1839: the statue of Napoleon once again stood on top of the Vendôme Column, the Arc de Triomphe was finished, the songs of Béranger recounting the fall of the eagla were hummed on streets corners, one after the other petitions were sent to the Chambre des députés asking for the return of the Emperor's human remains… Publishers could now, without fear of disapproval, offer their readers fine, richly illustrated books on the life and works of the "prodigious man".
The publishers Dubochet, active from 1830 to 1848, called upon the renowned draughtsmen of the period for their illustrations: thus, Grandville drew for the Fables de Florian, and Horace Vernet (1789-1863), the famous painter and lithographer of the Napoleonic epic, was quite naturally requested to work on the "Histoire de l'Empereur Napoléon".
The author, Paul-Mathieu Laurent (known as l'Ardèche, from the department of his birth) was a multi-talented figure, taking periods as lawyer, historian, and politician, but he ended his career as custodian of the Bibliothèque de l'Arsenal.
The books was a success and was republished both in 1840 and in 1849, then by Dubochet's successors, Lechevalier and Paulin. For copyright reasons, the author and the two latest publishers sued (unsuccessfully) the 1870 imprint by Plon. The German translation was published nine times in the 19th century.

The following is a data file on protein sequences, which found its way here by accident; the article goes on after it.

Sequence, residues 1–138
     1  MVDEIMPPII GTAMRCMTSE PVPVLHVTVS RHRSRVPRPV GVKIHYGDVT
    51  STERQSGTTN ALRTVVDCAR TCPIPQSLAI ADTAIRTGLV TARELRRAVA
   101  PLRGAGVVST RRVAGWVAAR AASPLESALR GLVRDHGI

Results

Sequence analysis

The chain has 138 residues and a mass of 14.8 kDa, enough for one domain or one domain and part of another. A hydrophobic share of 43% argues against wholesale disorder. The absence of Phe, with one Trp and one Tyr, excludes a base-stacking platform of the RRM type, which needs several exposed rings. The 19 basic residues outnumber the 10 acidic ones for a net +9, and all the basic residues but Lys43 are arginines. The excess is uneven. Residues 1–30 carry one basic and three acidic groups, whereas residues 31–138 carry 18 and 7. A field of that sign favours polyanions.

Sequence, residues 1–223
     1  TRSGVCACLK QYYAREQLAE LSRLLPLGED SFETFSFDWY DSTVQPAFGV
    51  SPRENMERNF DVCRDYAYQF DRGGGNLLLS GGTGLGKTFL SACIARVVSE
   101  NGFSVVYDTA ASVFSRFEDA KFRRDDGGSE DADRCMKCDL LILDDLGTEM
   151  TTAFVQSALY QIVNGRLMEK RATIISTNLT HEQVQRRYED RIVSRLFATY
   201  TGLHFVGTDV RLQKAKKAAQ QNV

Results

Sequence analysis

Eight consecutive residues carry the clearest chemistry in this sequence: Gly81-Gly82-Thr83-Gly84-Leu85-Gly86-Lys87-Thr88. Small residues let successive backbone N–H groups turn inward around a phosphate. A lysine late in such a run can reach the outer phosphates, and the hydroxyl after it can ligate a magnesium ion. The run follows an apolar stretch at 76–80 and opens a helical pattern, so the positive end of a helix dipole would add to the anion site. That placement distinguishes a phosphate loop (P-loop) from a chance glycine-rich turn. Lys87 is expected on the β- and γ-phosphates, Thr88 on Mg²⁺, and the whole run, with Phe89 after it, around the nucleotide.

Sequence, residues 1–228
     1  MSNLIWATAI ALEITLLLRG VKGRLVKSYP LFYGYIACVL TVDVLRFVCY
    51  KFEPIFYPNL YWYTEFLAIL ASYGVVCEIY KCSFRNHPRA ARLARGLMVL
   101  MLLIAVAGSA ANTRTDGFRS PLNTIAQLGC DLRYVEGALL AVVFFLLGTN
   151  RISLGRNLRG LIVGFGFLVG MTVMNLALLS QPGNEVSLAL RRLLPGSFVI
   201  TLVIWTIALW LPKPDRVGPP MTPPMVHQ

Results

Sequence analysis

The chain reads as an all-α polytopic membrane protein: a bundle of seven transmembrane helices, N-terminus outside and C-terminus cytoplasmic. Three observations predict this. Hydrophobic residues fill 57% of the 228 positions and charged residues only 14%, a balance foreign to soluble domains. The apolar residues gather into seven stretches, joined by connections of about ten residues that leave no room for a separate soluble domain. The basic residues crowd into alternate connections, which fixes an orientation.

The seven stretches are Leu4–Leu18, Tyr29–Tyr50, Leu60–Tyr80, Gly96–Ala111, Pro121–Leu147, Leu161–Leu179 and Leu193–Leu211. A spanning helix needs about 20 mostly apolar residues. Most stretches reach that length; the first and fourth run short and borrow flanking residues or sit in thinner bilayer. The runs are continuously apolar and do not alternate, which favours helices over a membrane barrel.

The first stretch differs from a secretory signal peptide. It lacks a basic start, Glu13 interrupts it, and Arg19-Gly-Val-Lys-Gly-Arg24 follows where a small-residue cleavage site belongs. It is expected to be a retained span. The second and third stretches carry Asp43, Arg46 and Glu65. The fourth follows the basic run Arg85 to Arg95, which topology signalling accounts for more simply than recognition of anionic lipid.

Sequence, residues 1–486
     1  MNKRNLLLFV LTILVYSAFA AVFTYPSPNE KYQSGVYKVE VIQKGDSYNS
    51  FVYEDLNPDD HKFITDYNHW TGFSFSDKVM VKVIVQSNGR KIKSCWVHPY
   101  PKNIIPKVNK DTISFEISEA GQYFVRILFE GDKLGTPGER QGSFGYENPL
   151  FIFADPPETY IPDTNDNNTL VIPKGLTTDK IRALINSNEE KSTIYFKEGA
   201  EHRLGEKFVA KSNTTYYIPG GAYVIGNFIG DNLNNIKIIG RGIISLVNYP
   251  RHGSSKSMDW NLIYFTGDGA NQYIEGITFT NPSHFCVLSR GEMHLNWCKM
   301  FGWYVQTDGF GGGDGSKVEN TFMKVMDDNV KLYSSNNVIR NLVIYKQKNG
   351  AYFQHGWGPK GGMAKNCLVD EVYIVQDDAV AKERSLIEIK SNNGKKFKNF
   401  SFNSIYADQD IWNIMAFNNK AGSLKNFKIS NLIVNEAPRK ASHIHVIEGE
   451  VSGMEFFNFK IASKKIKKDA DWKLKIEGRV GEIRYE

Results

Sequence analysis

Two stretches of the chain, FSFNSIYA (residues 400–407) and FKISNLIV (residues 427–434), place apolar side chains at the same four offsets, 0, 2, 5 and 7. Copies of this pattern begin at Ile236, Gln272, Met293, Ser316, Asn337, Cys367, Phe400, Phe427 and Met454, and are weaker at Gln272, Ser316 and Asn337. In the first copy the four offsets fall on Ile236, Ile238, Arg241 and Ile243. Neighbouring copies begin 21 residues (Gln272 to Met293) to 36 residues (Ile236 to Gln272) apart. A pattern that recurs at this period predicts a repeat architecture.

The book is similar to the edition of Las Cases Mémorial de Sainte-Hélène published by Ernest Bourdin in 1842, illustrated by Charlet. There is the same juxtaposition of text and vignettes, the same multiplicity of engravings and the same imaginative variation in illuminated capitals and 'nostalgic' motifs: the vigil around the figurine of Napoleon, arms on the ground and the hat, alone, eternal.
Title: Histoire de l'Empereur Napoléon
Publisher and publication date: Paris, J.-J. Dubochet, 1839
Physical description: 799 p., ill., in-8° (17 x 26 cm)
Available at the Bibliothèque M. Lapeyre, Fondation Napoléon : N B 0 laure